I have undertaken a Ph.D. viva, climbed at the absolute limit of my ability on El Capitan, and been deployed to a war zone. However, none of these endeavours was as stressful as making a short visit this week to the University of Maribor in Slovenia to pick up a Doctor Honoris Causa degree awarded over a year ago, before COVID-related travel restrictions kicked in.
Pre-pandemic, I flew at least one long-haul flight a month and regularly clocked 150,000 air miles annually for the previous twenty years. It was novel for my wife to see me ‘in a flap’ over simple things like checking in online and fretting over the contents of my bags.
The experience of international travel and the concomitant stress is exacerbated by the additional forms to be completed. I had to complete a set of PLFs (Passenger Location Forms). For Slovenia, this had to be completed over 24 hours prior to arrival, but for my return to the UK, it had to be completed within 48 hours. I had to be tested for COVID before returning home and also had to book a PCR test to be taken two days after return. This cost an exorbitant £70, and purchase had to be proved for the return journey. The cost is infuriating, especially given that I live about half a mile from a free testing centre in Hull which, whenever I pass it, is always empty.
I travelled to Manchester Airport and, the evening before my flight, stayed at a very quiet Holiday Inn Express, where they seemed delighted to see me. I guess they were delighted to see anyone. Checking in was easy, and this was the first airing of my National Health Service vaccine passport. The security staff, normally the most rude and illogical in the UK, also seemed glad to see me. One advantage of pandemics is how short the queues are during them.
I was transiting out via Brussels, and my stress levels nearly diverted the plane when it was announced that we had to have completed not one but two PLFs for transit through Belgium. But the cabin crew then distributed forms that could be completed by hand … and then I could relax. The final leg to Ljubljana went smoothly. Another advantage of relatively quiet airports and fewer flights is that planes leave punctually and arrive early.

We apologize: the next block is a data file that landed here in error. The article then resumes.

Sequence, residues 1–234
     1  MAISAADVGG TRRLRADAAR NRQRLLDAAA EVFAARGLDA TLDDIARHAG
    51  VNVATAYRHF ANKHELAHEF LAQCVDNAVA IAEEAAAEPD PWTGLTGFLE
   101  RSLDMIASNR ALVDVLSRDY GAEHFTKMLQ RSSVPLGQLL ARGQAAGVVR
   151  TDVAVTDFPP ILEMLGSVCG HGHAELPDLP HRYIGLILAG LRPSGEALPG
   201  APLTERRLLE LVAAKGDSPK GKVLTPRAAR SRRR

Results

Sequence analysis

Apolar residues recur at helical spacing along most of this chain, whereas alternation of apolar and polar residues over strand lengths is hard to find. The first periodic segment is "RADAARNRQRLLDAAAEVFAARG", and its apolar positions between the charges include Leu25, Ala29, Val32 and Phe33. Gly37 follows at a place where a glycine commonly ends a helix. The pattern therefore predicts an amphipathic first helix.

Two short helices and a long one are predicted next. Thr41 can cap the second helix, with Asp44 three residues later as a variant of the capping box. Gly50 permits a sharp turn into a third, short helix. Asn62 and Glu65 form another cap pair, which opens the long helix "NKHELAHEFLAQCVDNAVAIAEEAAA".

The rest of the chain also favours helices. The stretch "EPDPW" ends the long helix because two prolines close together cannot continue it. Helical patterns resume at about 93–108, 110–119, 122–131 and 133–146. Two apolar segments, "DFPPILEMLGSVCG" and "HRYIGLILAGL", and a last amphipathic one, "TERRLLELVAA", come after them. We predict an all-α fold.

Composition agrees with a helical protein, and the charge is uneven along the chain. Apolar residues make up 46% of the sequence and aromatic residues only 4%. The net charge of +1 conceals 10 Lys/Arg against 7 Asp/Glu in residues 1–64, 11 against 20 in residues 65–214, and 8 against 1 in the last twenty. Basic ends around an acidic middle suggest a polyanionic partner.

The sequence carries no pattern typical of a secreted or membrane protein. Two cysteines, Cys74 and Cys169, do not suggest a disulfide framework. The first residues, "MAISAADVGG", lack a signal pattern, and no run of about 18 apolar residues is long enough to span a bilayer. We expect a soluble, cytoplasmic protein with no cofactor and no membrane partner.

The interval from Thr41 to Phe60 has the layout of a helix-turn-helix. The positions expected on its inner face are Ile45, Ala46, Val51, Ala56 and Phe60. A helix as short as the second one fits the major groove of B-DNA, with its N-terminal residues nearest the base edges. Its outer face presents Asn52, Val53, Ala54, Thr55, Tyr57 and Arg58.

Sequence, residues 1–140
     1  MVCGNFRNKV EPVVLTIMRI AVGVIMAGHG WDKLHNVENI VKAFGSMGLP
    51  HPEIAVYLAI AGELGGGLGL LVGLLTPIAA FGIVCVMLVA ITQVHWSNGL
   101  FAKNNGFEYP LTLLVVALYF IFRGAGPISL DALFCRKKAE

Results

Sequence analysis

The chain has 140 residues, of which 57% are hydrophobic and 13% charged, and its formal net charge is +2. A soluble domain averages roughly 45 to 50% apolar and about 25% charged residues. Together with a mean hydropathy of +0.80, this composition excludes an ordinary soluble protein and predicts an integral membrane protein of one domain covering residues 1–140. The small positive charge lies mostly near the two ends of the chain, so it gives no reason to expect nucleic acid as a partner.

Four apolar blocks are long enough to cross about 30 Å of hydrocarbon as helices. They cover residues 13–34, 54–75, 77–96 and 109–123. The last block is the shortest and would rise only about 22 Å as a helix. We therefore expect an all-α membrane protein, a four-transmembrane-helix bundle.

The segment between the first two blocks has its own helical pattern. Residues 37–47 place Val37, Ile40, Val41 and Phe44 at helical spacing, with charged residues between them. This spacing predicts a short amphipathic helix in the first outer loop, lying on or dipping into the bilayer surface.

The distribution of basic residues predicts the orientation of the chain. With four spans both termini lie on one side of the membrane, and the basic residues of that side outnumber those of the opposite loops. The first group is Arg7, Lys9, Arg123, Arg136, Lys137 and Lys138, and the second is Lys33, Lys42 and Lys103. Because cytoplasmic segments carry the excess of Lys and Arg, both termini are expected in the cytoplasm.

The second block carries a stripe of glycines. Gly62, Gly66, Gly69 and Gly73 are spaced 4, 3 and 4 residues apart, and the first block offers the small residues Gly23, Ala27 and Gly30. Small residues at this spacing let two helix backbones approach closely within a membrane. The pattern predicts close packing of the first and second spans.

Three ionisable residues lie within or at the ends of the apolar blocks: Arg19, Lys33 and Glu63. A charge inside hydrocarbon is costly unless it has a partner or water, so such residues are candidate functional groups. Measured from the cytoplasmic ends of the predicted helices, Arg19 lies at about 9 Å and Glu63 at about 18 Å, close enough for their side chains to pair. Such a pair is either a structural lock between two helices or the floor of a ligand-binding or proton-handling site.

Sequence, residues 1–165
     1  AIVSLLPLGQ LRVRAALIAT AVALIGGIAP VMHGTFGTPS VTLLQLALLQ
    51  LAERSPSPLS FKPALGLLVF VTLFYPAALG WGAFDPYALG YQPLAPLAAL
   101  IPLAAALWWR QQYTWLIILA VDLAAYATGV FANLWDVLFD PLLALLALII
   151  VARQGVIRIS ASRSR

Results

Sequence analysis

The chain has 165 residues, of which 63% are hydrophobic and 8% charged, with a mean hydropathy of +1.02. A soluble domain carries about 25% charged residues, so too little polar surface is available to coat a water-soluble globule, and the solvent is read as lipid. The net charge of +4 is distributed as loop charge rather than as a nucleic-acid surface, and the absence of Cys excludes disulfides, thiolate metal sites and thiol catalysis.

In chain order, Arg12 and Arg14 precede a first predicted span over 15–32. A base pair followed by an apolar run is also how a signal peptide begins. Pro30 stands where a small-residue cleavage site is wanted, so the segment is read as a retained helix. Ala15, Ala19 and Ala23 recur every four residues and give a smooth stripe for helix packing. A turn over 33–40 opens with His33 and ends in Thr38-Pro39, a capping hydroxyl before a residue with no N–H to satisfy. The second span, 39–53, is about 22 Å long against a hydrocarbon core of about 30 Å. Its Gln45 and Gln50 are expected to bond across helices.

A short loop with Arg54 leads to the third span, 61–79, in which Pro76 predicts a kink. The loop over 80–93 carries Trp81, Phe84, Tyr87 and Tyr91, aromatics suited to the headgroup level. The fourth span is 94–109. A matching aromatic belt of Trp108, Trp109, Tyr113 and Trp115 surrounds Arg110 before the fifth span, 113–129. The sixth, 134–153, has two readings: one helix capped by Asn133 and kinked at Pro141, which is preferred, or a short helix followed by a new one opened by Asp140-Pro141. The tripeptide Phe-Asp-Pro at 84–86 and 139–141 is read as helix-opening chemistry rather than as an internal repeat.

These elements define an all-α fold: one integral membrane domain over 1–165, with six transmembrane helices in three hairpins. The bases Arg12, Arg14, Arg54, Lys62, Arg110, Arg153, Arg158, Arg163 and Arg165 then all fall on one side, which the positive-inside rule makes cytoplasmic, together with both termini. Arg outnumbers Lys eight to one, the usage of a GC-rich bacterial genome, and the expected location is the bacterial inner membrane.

I took off my mask in the UK when we were told we could and decided, even if they are reintroduced, that I would never wear one again in my own country. I was not so sure about foreign destinations, however. I ignored the ‘mask up’ instructions in Manchester Airport with impunity and even boarded the plane and remained maskless until well after take-off. But at the first polite ‘invitation’ to wear my mask, I crumbled and put one on. I was worried that the next flight might get a tipoff that one of the awkward squad was on the way and deny me boarding. On the return journey, via Frankfurt, I had to promise during online check-in that I had a mask so there was no getting out of it on the way home. Travellers beware: your mask must be of at least ‘surgical grade,’ so no flimsy cloth ones are permitted.
My destination, Maribor, is a delightful small Slovenian city near the Austrian border. In winter, it is a skiing resort. There is a local saying that translates roughly as ‘babies ski out of the womb.’ Everyone skis. In summer, meanwhile, it is just a lovely place to hang out with a picturesque river and an historic town centre with good food and good beer. The local wine is also excellent.